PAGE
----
Tagged With opendns

0

Programmer Brannon Dorsey wrote up a fascinating and fairly technical piece about the perils of DNS rebinding the other day. It's worth a read if you have even the slightest interest in how web browsers work to prevent one site — a scammy site, let's say — from sending a request to another site — your bank — and draining your accounts or manipulating your credentials (without the site's explicit permission).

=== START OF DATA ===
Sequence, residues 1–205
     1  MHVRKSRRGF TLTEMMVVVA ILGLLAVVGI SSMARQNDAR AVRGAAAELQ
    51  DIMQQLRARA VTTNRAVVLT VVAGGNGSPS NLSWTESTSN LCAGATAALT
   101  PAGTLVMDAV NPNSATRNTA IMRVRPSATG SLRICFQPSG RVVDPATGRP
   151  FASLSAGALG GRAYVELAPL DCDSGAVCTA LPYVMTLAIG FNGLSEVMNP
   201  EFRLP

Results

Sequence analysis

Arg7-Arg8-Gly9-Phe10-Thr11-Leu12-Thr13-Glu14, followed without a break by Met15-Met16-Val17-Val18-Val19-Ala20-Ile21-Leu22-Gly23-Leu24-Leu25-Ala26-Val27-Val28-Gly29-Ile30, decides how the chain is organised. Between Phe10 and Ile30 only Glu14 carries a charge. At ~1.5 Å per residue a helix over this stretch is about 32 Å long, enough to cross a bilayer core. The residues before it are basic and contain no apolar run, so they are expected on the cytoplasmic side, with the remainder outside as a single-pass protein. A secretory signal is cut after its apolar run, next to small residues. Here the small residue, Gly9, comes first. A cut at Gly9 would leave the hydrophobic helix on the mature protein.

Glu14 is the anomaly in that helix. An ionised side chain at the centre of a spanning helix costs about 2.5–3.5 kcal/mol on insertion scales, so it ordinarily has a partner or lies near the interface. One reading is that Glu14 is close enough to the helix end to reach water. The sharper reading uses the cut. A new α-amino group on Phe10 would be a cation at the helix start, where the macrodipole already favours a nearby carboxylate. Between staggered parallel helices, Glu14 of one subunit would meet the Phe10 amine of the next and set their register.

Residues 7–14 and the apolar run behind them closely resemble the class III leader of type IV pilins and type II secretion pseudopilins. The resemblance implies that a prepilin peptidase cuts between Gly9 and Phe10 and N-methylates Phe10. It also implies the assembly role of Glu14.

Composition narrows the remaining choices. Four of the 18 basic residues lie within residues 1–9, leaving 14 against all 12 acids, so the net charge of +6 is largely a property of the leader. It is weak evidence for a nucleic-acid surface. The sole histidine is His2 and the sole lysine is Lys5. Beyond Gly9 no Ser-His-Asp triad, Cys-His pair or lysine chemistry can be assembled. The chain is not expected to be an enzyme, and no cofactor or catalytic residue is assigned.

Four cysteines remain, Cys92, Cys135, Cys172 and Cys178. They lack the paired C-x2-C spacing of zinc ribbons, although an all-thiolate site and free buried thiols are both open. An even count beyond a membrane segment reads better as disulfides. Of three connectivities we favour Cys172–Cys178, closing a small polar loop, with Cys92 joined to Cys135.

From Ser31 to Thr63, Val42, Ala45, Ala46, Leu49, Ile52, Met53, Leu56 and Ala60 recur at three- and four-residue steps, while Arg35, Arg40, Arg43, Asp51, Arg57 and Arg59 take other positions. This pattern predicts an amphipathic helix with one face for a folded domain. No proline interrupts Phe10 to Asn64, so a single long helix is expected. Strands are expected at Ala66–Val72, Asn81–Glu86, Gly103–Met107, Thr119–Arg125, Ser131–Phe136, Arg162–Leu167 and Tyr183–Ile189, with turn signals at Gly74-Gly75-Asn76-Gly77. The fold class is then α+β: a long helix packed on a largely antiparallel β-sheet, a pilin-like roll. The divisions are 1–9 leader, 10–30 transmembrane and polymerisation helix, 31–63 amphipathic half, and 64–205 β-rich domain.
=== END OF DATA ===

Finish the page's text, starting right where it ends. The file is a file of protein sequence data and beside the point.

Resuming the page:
0

When you use HTTPS or SSL, your web browsing traffic is encrypted. When you use a VPN, all of your traffic is encrypted (usually). Sometimes, even with HTTPS and VPNs in play, DNS requests -- or the way your computer translates "lifehacker.com" into numbers that your computer understands, like "199.27.72.192" are completely unencrypted, leaving you open to spoofing and man-in-the-middle attacks. DNSCrypt can lock that down. Here's how.